Here is our own 25 year old 'Constance' about to do her stuff in Perthshire.

706054-0
Margaret Young in Aberdeen, North East Scotland Zone 7 -ish!

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Maggi Young

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Re: June 2022, Northern Hemisphere.
« Reply #10 on: June 06, 2022, 01:43:15 PM »
More from Anton ..... It's meconopsis time!

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706058-1
Meconopsis 'Susan's Reward'


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« Last Edit: June 06, 2022, 02:04:02 PM by Maggi Young »
Margaret Young in Aberdeen, North East Scotland Zone 7 -ish!

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Maggi Young

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Re: June 2022, Northern Hemisphere.
« Reply #11 on: June 06, 2022, 01:51:03 PM »
Also from Anton :



 Silvery foliage characterises many New Zealand plants. Here is Celmisia semicordata; it grows in dry sunny spots and expands generously. This one has a bloom for every week of the year.
Margaret Young in Aberdeen, North East Scotland Zone 7 -ish!

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Maggi Young

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Re: June 2022, Northern Hemisphere.
« Reply #12 on: June 06, 2022, 01:54:03 PM »
I hope someone can enlighten me concerning “the June gap”. We have a blooming gap here at our Sacramento, California garden between the succession and mass of spring blooming species and the warm/hot weather loving species that bloom during the summer. It sounds like there is a similar situation elsewhere, however I am uncertain. I thought our spring-summer transition blooming pause was more of a function of our climate and plant selection. Maybe this is due to inexperience on my part? Any thoughts on this transitional blooming pause? Based on what I have read in the past, I have the idea that those that grow purely “alpine” species have a riot of color during the spring and a drought of flowers during the summer. Many gardeners seem to grow a much wider range of species than just purely alpine species.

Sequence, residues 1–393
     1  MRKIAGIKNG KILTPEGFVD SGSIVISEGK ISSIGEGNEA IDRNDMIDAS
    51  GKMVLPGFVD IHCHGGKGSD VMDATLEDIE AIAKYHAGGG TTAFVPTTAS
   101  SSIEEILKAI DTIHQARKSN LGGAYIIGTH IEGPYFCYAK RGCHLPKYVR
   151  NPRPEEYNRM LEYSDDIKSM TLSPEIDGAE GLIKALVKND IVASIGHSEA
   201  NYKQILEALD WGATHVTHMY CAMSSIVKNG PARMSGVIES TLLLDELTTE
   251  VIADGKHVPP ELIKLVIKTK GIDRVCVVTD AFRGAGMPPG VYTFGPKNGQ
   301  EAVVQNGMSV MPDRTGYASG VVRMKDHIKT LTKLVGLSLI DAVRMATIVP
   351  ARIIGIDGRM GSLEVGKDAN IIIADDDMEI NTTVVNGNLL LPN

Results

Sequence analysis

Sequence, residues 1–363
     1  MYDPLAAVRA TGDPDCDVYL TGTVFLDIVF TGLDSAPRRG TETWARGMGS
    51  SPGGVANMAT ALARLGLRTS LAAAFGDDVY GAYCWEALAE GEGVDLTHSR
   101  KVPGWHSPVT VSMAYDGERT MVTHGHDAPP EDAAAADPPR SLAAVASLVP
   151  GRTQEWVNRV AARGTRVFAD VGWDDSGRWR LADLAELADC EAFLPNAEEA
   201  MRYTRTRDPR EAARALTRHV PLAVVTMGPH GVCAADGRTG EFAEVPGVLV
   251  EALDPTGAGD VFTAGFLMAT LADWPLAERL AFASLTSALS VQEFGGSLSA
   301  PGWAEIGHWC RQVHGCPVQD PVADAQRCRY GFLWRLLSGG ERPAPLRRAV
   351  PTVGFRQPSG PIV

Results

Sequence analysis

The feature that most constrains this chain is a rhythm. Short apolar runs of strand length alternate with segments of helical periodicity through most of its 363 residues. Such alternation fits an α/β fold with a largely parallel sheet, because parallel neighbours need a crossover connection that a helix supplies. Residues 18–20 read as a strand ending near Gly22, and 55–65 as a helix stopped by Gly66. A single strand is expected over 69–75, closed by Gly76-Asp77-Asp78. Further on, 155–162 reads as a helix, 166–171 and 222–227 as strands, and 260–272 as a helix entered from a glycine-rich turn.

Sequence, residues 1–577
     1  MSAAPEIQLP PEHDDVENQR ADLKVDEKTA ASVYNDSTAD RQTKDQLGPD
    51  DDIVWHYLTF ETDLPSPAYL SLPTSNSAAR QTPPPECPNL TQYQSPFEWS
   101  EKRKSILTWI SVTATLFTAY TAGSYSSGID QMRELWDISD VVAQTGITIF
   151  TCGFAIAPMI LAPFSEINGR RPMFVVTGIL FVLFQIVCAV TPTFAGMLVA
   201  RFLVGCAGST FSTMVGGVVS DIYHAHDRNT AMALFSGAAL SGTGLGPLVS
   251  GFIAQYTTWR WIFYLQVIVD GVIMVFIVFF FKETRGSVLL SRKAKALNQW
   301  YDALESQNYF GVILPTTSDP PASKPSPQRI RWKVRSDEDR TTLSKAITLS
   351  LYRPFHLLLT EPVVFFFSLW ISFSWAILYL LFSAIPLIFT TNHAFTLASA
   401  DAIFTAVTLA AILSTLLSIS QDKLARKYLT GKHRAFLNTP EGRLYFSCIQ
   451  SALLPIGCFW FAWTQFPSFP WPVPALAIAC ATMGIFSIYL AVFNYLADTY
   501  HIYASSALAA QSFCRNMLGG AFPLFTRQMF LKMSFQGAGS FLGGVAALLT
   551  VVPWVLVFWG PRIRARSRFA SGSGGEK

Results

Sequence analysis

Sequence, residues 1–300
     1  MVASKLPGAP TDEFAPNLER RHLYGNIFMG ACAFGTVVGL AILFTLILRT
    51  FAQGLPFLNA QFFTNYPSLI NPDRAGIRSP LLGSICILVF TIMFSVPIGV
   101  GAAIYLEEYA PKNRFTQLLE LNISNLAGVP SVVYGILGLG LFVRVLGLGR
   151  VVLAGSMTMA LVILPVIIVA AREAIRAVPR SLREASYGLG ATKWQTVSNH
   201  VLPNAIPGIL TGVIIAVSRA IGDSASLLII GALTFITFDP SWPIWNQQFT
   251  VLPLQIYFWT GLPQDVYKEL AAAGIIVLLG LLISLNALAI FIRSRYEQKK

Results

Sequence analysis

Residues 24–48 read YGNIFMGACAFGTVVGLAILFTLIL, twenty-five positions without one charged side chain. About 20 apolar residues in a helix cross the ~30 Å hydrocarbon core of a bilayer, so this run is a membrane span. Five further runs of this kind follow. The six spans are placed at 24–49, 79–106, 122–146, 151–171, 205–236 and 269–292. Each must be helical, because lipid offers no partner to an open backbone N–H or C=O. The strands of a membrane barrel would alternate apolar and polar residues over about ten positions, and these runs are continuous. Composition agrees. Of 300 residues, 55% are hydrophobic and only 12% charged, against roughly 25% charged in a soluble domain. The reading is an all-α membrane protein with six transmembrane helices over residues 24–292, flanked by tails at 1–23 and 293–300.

The "June Gap" refers to the period when the Spring flkowerscare past but thesummer flowers have not yet got going - this is thoiught of as a dull time for gardens and, of course, it's a spell when pollinators can suffer.
Margaret Young in Aberdeen, North East Scotland Zone 7 -ish!

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brianw

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Re: June 2022, Northern Hemisphere.
« Reply #13 on: June 06, 2022, 06:06:33 PM »
Mowing the lawn will never be quite the same again....

(Attachment Link)
Annoyingly another friend a few miles away sent me a similar photo. Are they deer and pheasant proof?
Edge of Chiltern hills, 25 miles west of London, England

ian mcdonald

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Re: June 2022, Northern Hemisphere.
« Reply #14 on: June 06, 2022, 08:26:36 PM »
Orchids are eaten by animals. We had a colony of Northern Marsh Orchids at my previous site. There were 89 flowering spikes when we found them. Two weeks later we could not even find a leaf.